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Living a green dream

Living a green dream

In this second of two blogs on eco homes I want to look at heat, electricity and government incentives.

*Heat – this still represents the biggest energy demand and therefore taking the fabric first approach above is often the best first step.

When it comes to sourcing renewable heat there are several technologies being used today.

We hear more and more about heat pumps as being go-to technology for heat sourcing. Air source heat pumps are a more popular option over ground source heat pumps, mainly because of their relative ease to fit and low installation cost.

However, ground source heat pumps have the lowest running cost of any renewable energy system.

Biomass remains an option in larger houses, but price hikes in the cost of wood pellets have made many potential investors in this technology cautious. Having said that, fossil fuel price fluctuations tend to be greater.

Solar PV is also popular with costs reducing all the time: however, efficiency levels are relatively low when compared to other renewables.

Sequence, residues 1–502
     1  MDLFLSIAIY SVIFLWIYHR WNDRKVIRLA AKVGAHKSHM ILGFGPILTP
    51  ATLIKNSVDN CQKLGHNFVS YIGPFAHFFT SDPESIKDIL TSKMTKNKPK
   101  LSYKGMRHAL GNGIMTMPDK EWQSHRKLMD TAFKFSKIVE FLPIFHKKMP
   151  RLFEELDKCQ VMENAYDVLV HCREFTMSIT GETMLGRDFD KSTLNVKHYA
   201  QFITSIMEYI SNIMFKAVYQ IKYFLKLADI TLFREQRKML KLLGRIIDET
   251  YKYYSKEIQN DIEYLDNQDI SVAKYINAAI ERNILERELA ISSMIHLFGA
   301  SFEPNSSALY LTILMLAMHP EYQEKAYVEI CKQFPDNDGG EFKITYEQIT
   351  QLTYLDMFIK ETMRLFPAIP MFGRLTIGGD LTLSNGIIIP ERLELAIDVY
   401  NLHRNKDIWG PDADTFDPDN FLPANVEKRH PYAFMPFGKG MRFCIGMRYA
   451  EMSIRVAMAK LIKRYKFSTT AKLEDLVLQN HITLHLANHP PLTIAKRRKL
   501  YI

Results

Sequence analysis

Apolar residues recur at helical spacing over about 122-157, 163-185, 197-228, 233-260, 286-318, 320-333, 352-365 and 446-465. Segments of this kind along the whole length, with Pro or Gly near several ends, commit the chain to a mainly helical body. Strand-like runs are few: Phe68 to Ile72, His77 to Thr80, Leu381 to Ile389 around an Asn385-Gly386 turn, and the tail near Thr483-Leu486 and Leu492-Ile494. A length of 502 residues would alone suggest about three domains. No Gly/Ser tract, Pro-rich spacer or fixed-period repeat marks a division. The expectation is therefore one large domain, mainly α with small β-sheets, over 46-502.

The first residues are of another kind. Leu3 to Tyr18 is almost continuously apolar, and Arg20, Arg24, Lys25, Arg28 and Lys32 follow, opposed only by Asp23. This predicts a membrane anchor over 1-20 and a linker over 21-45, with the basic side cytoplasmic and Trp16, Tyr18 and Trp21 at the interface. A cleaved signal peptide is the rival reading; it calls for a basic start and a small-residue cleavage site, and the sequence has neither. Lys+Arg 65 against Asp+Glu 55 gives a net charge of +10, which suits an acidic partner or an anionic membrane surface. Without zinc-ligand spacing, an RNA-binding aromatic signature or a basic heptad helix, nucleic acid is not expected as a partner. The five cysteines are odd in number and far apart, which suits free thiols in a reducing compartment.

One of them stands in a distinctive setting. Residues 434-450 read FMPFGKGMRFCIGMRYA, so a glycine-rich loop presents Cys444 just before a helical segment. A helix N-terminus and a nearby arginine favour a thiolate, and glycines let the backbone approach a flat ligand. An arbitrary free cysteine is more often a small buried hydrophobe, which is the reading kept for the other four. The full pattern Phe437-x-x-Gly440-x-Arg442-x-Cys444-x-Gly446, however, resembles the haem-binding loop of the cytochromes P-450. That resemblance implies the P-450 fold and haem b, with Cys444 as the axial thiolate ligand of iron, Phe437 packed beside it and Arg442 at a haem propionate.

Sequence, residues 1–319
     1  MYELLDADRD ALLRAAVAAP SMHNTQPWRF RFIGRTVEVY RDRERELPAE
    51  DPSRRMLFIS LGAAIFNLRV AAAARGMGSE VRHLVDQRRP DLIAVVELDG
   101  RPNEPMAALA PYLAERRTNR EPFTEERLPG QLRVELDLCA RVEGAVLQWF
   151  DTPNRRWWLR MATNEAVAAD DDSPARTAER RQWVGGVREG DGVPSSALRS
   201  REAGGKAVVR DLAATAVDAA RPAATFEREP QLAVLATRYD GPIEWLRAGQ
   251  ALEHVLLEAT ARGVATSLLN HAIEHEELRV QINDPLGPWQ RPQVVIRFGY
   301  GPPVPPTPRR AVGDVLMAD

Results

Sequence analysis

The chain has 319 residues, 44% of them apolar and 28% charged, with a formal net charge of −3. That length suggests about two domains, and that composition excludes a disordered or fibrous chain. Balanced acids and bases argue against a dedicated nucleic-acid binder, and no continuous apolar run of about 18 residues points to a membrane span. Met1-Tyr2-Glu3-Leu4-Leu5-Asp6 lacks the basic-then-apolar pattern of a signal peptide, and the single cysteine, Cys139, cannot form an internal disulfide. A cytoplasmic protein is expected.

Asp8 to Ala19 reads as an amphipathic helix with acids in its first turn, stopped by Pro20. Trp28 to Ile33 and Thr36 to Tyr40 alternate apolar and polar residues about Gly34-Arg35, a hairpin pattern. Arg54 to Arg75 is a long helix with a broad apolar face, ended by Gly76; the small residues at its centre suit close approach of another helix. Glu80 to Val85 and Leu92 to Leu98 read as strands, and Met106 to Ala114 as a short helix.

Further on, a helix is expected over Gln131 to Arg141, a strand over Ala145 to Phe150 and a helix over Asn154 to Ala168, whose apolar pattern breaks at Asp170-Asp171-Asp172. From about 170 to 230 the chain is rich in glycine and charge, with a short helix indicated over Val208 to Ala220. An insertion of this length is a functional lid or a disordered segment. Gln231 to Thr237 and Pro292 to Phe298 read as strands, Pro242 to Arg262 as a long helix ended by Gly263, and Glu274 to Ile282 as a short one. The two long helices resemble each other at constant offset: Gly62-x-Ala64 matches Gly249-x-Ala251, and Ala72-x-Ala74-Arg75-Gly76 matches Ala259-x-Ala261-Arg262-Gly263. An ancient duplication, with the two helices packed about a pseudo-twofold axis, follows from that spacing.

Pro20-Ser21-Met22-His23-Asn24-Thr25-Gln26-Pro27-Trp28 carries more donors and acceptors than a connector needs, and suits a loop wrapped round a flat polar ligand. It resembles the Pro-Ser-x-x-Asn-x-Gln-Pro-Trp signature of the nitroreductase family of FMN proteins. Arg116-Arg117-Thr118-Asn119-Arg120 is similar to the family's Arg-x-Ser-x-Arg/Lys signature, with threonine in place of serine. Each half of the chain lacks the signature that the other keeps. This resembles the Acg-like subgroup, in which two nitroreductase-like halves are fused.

In terms of deciding which technology, this is where your motivations and priorities come into play alongside the all-important budget.

*Electricity – PV is still the go-to technology, with alternatives such as hydro and wind power only working in specific circumstances.

However, where those circumstances exist (ie where there are high winds or in proximity to a river), they often produce more power relative to the investment required than PV.

These days your PV system can be backed up by domestic smart batteries.

These store excess energy, which is generated during the day for use at night and harvest cheap energy from the grid, helping you save on your electricity bills.

By signing up with packages provided by some energy suppliers, you can buy these batteries at greatly discounted prices.

*Government incentives – the Renewable Heat Incentive (RHI) and Feed in Tariff (FIT).

Experts believe that comparing the tariffs for heat vs electricity generating renewables, the RHI scheme offers a better return.

Homeowners receive quarterly payments for up to seven years for the amount of energy that their system provides.

The FIT was set up in 2010 to encourage homeowners to install renewables that generate electricity. It closed this April but we are still waiting to hear if it is to be replaced?

So, should you invest in an eco home?

Ultimately, on a limited budget, investing in your house must be a good idea – your property is likely to last longer and cost less than an equal investment in technology.

After all, we carry a historical housing stock, some of which dates back hundreds of years.

Those homes, and those built more recently aren’t going to go away.

They are likely to be around for a long time yet, and so it does seem to make sense that we invest in the fabric of that stock to make it more efficient first, while introducing renewables into the system where appropriate.

Eventually, the hope, of course, would be for them to become the new standard….

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